James Christopher Bernard Griffin: Father. Husband. Athlete. Volunteer. Born Jan. 3, 1937, in Truro, Britain; died Dec. 8, 2017, in Toronto, from complications following an accident; aged 80.
James Griffin always turned first to the Lives Lived column in The Globe. He loved to read about exceptional lives, but he would never have thought of his own life as exceptional. His family and friends knew better.
James’s life of adventure began with a leap in the dark to escape a raging fire from the second story of his boarding school in Cornwall. He was eight years old. This action undoubtedly forged his ability to push through pain in all kinds of physical activities.
It was the opportunity to work in a gold mine that brought James to Northern Ontario in 1957; he ran dynamite in backpacks up and down mineshafts by day and rode his mail-order bike around the camp after hours. Work at the mine financed his BA in classics at University of Toronto, where he met his wife of 54 years. They met at a Trinity College dance: Elizabeth saw him and decided that if he didn’t ask her to dance, she would go home; fortunately, he asked her.
Lifelong poor eyesight meant he was more comfortable pursuing individual sports. Once, while officiating a rugby match, he stopped the game to have both teams search for his lost contact lens. Even decades later (after many eye surgeries), he still volunteered to lead Bruce Trail hikes even though he was known to miss trail markers and have to be redirected by those he was guiding.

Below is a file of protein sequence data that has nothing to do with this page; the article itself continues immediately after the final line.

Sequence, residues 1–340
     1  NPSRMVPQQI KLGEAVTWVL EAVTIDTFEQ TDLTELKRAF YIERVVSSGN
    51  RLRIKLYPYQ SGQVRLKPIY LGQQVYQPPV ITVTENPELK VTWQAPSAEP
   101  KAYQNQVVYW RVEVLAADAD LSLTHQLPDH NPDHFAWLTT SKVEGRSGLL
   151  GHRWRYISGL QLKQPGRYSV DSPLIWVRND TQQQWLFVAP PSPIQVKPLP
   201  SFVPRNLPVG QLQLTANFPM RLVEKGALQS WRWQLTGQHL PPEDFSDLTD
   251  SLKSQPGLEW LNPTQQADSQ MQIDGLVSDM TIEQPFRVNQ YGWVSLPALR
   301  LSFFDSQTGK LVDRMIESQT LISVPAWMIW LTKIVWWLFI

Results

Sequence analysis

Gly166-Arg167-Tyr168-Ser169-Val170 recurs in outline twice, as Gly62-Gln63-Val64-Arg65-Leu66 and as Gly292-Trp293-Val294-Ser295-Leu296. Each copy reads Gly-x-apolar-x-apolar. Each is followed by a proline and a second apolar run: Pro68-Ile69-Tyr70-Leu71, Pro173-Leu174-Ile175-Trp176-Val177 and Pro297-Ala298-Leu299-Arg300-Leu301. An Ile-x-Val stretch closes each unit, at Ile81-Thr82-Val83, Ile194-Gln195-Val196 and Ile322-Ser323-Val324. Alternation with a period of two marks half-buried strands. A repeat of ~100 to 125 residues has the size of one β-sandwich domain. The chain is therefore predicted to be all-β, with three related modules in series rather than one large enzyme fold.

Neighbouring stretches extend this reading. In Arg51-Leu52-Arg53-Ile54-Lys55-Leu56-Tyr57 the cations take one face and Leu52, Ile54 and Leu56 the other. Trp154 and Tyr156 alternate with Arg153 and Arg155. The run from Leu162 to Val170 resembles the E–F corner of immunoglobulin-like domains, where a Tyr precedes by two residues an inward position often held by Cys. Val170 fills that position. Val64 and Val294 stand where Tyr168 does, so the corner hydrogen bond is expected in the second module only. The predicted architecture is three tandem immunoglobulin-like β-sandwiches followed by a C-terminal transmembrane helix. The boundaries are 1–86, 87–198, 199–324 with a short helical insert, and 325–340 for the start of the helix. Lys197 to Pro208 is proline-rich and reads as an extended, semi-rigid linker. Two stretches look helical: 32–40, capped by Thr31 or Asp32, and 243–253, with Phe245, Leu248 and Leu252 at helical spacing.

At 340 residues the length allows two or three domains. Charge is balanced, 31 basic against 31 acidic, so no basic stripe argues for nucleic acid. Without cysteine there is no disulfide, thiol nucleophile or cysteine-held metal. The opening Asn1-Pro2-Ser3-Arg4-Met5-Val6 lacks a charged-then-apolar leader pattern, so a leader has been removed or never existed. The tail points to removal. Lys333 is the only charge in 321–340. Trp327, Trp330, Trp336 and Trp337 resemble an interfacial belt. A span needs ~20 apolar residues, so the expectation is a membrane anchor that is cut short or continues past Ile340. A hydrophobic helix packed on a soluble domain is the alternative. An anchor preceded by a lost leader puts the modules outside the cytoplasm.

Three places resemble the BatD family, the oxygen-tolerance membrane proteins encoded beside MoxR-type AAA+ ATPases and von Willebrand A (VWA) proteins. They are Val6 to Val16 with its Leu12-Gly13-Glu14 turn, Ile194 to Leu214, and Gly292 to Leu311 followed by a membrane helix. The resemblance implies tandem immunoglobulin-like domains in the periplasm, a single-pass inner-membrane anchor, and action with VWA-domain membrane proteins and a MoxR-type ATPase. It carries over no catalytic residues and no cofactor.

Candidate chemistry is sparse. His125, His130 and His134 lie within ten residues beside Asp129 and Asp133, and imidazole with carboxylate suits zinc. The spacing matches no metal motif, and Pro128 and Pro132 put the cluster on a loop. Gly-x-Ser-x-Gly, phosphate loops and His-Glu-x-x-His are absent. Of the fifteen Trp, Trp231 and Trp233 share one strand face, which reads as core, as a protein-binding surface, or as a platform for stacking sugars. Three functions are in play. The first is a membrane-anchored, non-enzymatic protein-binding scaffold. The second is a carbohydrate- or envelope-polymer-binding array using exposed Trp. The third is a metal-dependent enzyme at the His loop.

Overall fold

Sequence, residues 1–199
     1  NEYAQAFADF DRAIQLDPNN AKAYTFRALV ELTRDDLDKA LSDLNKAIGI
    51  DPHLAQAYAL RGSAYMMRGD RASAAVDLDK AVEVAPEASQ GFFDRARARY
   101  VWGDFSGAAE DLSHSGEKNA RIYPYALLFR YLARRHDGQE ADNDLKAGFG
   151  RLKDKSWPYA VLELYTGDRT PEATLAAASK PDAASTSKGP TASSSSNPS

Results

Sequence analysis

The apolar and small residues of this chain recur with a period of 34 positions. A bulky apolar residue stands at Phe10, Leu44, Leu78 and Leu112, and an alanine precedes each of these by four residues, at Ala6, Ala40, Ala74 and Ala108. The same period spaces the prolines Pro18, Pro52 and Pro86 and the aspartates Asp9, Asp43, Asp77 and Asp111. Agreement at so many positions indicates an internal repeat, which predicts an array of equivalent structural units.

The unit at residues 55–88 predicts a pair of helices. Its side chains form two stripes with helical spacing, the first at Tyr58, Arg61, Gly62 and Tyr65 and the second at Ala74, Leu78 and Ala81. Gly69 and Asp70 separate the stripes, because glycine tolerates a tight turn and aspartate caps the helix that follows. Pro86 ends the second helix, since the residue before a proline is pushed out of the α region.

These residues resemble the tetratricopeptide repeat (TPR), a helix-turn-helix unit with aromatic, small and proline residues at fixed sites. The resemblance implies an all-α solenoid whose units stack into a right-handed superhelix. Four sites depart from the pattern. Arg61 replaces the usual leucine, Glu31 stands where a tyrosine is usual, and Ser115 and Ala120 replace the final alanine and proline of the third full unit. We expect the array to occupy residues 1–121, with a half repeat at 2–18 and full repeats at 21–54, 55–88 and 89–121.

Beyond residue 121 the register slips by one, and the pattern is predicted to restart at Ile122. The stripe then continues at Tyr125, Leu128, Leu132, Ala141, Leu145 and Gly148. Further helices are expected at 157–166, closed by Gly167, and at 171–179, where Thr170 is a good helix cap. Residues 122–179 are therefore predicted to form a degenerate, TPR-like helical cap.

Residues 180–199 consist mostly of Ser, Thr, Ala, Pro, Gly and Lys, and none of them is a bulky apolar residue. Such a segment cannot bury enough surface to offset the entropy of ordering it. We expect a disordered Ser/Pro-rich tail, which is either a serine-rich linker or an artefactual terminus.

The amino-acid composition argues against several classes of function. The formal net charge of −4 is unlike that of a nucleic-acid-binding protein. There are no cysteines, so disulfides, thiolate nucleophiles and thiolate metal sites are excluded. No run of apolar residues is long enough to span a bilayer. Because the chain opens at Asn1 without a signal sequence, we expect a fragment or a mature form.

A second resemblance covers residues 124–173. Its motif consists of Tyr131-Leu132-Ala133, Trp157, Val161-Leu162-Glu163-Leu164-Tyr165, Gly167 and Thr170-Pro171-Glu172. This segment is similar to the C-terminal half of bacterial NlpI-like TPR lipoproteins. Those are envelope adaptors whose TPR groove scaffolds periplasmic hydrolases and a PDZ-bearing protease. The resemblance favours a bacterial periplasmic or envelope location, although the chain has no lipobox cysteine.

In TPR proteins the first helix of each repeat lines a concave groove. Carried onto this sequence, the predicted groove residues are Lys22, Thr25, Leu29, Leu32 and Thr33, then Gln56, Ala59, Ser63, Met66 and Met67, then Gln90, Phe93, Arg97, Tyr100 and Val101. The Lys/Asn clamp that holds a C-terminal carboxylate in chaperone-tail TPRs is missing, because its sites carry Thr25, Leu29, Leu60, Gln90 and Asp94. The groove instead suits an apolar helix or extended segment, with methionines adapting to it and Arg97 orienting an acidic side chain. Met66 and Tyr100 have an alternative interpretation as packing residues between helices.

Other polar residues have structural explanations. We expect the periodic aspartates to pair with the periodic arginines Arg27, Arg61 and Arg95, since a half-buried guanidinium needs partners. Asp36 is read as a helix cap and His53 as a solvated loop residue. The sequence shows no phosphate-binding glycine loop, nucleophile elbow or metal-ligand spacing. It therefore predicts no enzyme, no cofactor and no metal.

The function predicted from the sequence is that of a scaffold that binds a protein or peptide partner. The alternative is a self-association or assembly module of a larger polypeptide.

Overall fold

Running, a sport he had pursued since childhood, was his thing. At the age of 42, he achieved a personal best of 2:39:33 at the Marine Corps Marathon in Washington – an unusual feat for an accountant whose training was an early-morning run before work.
Cycling was also a passion. James biked every day, whether it was his commute to work through the hilliest parts of Toronto or completing the 1,200-kilometre Paris-Brest-Paris endurance race in 1987. In his 80th year, he logged more than 1,000 kilometres, and during his last race – the Paris-to-Ancaster in 2017 – he was joined by his son, Timothy, and grandson, James.
James was an involved father who coached hockey, taught me and my brother to ski, introduced us to dog sledding and took us camping every summer. Regardless of where we camped or the temperature, the morning dip was a must do, even if it meant scraping frost off the goggles before plunging in. He continued to share his swimming enthusiasm with his grandchildren and was always game to put on his old Speedo for a dip, rain or shine.
James was a hard-working, principled man who led by example. He volunteered as a coach, a time clerk, a treasurer for his cycling club, and carefully maintained a section of the Bruce Trail. He was passionate about his pursuits but in a quiet, determined manner. James was a man of few words, but they were always kind and sincere.
Jean Griffin is James’s daughter.
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Lives Lived celebrates the everyday, extraordinary, unheralded lives of Canadians who have recently passed. To learn how to share the story of a family member or friend, go to tgam.ca/livesguide.